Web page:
[email protected]:~/# dd if=/dev/zero of=/swap bs=1M count=384
 [email protected]:~/# mkswap -c /swap
 [email protected]:~/# swapon /swap

Create your workspace directory:

 [email protected]:~/# mkdir melehacking
 [email protected]:~/# cd melehacking

Checkout the source code

 [email protected]:~/melehacking# apt-get install git
 [email protected]:~/melehacking# git clone git://github.com/rellla/xbmca10.git
 [email protected]:~/melehacking# cd xbmca10
 [email protected]:~/melehacking/xbmca10# git checkout stage/Frodo

Build

The following external libs/ repos are used/ downloaded:

Build dependencies

 [email protected]:~/melehacking/xbmca10# cd tools/a10/depends
 [email protected]:~/melehacking/xbmca10/tools/a10/depends# make

Build xbmc itself

 [email protected]:~/melehacking/xbmca10/tools/a10/depends# make -C xbmc
 [email protected]:~/melehacking/xbmca10/tools/a10/depends# cd ../../../
 [email protected]:~/melehacking/xbmca10# make install

Move on to #Start_XBMC and start XBMC.

Cross Compile of XBMC

This was tested with github.com/rellla/xbmca10 and built in Debian Sid as host. You will need several packages on the build system and a copy of the root file system of the target to build against. This howto assumes you are running off an SD card with the root file system in /dev/sdb2.

Setup Cross Compiler

Prerequisites for Cross Compiling

  • Sync and move SD card to build system
  • Mount the rootfs of the prepared SD Card
 [email protected]:~/# mount /dev/sdb2 /mnt/rootfs-a10
  • Create symlinks to the mounted libraries
 [email protected]:~/# ln -s /mnt/rootfs-a10/lib/arm-linux-gnueabihf /lib/arm-linux-gnueabihf
 [email protected]:~/# ln -s /mnt/rootfs-a10/usr/lib/arm-linux-gnueabihf /usr/lib/arm-linux-gnueabihf
 [email protected]:~/# ln -s /mnt/rootfs-a10/usr/include/arm-linux-gnueabihf /usr/include/arm-linux-gnueabihf
  • Install the dependencies for building XBMC on the host system
 [email protected]:~/# apt-get build-dep xbmc
 [email protected]:~/# apt-get install shtool swig default-jre

Note: If compiling on a 64 bit system there is a known bug with the libcurl headers not working with 32 bit programs. To work around the problem build on a 32 bit system, or copy the file /usr/include/curl/curlbuild.h from a 32 bit system to your 64 bit build host.

  • Create your workspace directory:
 [email protected]:~/# mkdir melehacking
 [email protected]:~/# cd melehacking

Checkout the source code

 [email protected]:~/melehacking# git clone git://github.com/rellla/xbmca10.git
 [email protected]:~/melehacking# cd xbmca10
 [email protected]:~/melehacking/xbmca10# git checkout stage/Frodo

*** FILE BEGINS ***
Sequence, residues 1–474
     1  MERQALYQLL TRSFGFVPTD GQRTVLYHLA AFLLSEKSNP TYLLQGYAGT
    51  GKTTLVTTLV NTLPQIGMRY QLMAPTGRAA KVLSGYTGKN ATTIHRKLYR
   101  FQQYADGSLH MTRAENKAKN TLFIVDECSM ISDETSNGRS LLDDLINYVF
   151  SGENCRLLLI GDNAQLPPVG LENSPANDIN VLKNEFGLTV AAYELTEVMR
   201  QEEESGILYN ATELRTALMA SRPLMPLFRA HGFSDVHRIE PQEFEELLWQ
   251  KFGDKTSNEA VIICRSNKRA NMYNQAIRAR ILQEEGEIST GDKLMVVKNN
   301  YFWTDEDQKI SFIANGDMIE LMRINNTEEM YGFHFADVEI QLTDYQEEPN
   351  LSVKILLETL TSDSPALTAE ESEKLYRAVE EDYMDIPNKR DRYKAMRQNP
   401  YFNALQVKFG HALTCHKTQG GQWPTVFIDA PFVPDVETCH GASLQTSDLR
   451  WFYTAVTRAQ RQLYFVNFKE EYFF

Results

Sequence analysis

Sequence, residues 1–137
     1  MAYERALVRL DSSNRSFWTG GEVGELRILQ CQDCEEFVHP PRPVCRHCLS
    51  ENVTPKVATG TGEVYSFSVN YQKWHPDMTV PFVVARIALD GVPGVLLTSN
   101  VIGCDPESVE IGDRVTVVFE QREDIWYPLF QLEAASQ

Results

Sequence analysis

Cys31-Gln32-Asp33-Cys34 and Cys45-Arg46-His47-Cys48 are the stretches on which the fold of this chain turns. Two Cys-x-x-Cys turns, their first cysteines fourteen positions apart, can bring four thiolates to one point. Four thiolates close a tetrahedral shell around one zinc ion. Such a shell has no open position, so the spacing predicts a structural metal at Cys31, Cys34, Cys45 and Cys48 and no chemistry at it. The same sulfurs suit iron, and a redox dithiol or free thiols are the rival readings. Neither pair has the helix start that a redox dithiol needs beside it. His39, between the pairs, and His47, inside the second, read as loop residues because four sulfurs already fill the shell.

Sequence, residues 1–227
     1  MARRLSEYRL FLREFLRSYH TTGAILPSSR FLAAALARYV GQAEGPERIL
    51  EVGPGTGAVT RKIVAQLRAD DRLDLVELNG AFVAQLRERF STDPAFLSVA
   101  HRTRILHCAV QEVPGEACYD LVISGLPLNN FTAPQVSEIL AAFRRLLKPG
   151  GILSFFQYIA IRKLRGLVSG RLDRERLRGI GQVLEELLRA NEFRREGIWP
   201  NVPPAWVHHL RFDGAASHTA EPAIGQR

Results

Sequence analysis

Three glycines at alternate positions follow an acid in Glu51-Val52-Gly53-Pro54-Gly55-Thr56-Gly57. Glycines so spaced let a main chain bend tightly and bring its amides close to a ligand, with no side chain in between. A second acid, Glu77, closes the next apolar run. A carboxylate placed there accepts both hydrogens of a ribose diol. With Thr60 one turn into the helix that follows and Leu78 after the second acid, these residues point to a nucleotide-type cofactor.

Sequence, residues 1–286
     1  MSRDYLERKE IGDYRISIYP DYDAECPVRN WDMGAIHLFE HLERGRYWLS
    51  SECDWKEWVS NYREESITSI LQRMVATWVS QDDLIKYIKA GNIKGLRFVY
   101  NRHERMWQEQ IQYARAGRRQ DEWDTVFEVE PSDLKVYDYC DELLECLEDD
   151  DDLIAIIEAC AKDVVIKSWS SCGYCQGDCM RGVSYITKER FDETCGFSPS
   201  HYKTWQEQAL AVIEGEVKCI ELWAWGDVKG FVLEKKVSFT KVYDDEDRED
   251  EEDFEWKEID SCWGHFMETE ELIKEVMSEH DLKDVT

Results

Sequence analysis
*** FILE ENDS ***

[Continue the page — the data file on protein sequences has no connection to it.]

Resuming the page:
Update XBMC build config

Update this section at line 48 of tools/a10/depends/depends.mk with your values, e.g.

 #where is your arm rootfs
 SDKSTAGE=/mnt/rootfs-a10
 #where is your xbmc install root 
 XBMCPREFIX=/allwinner/xbmc-pvr-bin$(HF)
 #where is your toolchain
 TOOLCHAIN=/usr/arm-linux-gnueabi$(HF)

Build

At this point the settings are basically the same for the native build: Build dependencies

 [email protected]:~/melehacking/xbmca10# cd tools/a10/depends
 [email protected]an:~/melehacking/xbmca10/tools/a10/depends# make

Build xbmc itself

 [email protected]:~/melehacking/xbmca10/tools/a10/depends# make -C xbmc
 [email protected]:~/melehacking/xbmca10/tools/a10/depends# cd ../../../
 [email protected]:~/melehacking/xbmca10# make install

Move XBMC to target system

You should copy from your install location on your build system to an identical location on the target system (may not vital that they have the same path) like so ...

 [email protected]:~/melehacking/xbmca10/cp -r /allwinner/xbmc-pvr-binhf /mnt/rootfs-a10/allwinner/xbmc-pvr-binhf

To redistribute it, you can also create a tarball:

 [email protected]:~/melehacking/xbmca10/tools/a10/depends# make -C package tarball

This results in a xbmca10.tar.gz which includes all needed (and stripped) files in /allwinner/xbmc-pvr-binhf. This can easily be copied and extracted on the target rootfs.

Umount your SD Card

 [email protected]:~/melehacking/xbmca10# umount /dev/sdb2

and boot it on your A10 Device.

Start XBMC

After a reboot you modprobe the needed modules (depending on the used kernel version):

 [email protected]:~/# modprobe disp
 [email protected]:~/# modprobe lcd
 [email protected]:~/# modprobe hdmi
 [email protected]:~/# modprobe mali
 [email protected]:~/# export A10HWR=1 (ensure to have this set if not rebooting!)
 [email protected]:~/# cd /allwinner/xbmc-pvr-bin/lib/xbmc